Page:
"Stivers," he said. "I'm sorry."

"And you want to know what my last memory of him is? My last memory of him is someone who got rough with me. He sure as hell wasn't nice to me either. And even though I miss him and know that it is my fault, I'm so mad at him too."

"I can understand."

"No, you don't," she said. She didn't know why she was so angry all of a sudden, but it felt good. Real good. "You don't understand and Cutler doesn't understand and Meldrick doesn't understand."


"Aren't you sorry you brought it up?" she asked wryly. "That's nice that Kellerman's case is solved, but right now I need a lot more than that. And until you could do more than say how sorry you are and how much you understand me, I don't want to hear it."

"Okay," he said and still stayed near her desk even after she left. He remembered what he had told Cutler before and almost smiled. Oh yeah, a lot less volatile than Lewis.


Lewis walked into the squadroom after his roof-time feeling almost calm when he almost ran into Stivers. "Hey, what's wrong?" he asked after he saw her face.

"Nothing. Everything. I need to get out of here."

He had never heard her sound like the way she sounded now. She sounded like she could either start crying or start punching holes into walls. "Come with me," he said.

"Where?" she asked.

"Does it matter? You just said that you wanted to get away from here."

He had a point. She felt the a little bit of the anger leave her.


Without talking, they got in his car. He drove around a little and stopped in front of an ice cream store. She looked at him like he was crazy.

"I had a craving. Besides you want me to eat."

She sighed and followed him out. "What do you want?" he asked.


"I'm paying you back for the cheesesteaks. What do you want?" he repeated.

"Nothing," she repeated.

He ordered a sundae and they got a little booth. "What's wrong?"

"What do you think is wrong?"

"I think that you have been taking such good care of me that you haven't really thought about how you were feeling. And now it's all catching up to you."

"Thank you, Dr. Lewis," she said, but she wasn't as angry as she was before. She didn't know what she was.

"You sure you don't want any of this," he asked her pointing to his ice cream. She shook her head. "I think that you were a good listener to me and I'm going to be a good listener to you."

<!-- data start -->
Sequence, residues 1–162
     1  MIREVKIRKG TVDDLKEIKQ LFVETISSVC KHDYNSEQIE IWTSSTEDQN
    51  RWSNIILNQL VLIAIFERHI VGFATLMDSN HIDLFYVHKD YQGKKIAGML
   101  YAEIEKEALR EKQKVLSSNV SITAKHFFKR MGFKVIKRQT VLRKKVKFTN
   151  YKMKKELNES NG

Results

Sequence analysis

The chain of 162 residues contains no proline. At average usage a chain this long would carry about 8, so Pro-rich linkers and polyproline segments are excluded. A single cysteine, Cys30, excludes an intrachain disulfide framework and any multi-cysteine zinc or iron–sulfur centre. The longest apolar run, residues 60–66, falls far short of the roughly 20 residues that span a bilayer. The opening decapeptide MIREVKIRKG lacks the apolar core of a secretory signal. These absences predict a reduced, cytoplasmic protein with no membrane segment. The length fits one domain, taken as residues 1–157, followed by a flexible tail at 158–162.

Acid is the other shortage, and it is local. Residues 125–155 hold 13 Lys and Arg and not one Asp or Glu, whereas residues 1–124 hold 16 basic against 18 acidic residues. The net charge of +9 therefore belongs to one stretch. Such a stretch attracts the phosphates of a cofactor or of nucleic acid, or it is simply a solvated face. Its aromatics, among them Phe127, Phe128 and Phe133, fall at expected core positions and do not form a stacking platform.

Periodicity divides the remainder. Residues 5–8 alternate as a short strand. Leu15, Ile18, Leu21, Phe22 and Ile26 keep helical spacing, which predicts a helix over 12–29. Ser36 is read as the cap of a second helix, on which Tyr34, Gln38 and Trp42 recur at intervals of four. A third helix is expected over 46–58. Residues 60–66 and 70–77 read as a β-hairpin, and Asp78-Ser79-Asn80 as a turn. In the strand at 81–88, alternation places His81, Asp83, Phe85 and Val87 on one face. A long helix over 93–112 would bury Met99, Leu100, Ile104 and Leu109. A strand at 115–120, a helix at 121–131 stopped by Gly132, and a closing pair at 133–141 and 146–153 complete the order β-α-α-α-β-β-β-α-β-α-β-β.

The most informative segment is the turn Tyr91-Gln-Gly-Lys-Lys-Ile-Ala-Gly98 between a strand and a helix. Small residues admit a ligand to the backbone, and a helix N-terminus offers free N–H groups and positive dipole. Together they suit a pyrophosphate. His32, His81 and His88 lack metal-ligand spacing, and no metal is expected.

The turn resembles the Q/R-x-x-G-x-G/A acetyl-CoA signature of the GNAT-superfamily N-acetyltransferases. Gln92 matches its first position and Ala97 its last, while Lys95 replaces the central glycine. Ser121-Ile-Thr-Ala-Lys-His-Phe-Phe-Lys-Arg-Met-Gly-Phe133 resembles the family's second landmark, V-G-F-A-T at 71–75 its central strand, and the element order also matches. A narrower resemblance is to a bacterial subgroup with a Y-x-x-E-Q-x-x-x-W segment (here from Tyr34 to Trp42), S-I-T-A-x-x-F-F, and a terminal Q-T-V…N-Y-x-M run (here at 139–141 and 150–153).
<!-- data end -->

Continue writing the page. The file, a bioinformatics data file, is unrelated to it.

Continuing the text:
"I don't know if I feel like talking," she said.

"Okay," he said. "Let me say one thing though. I don't blame you at all. And neither does anyone else."

"Kellerman did."

"Kellerman wanted to apologize to you," he said. "He talked to Cox a few weeks ago and he was so sorry about what he did. Cox told me that."

She didn't know whether or not she should believe him. It would be so easy for him to lie. She looked at him warily. "Why didn't you tell me before?"

He didn't have an answer for that. "I don't know."

"Why should I believe you?"

"Because it's true and it will make you feel better."

"No, Meldrick, it won't. I don't think anything will make me feel better right now," she said. She realized that she was playing the drama queen right now, but she thought that she was entitled.

"Do you want me to call Cox and ask her to tell you herself?"

"No," she said. "I'll be okay, I guess. I just needed to get everything off my chest."

"Don't worry about it," he said. "Are you sure that you're okay?"

She sighed. "I don't know, Lewis. Most of the time I think that I am, but when I'm crying or yelling at Tim, I know that I'm not."

"You were yelling at Tim?"

She nodded. "He was trying to be nice, but I yelled at him."

"I wouldn't worry about him."

"I don't know."

Lewis finished his sundae and threw it in the trashcan. "Last chance, Stivers. Sure I can't treat you to a jumbo banana split?"

"I'm sure."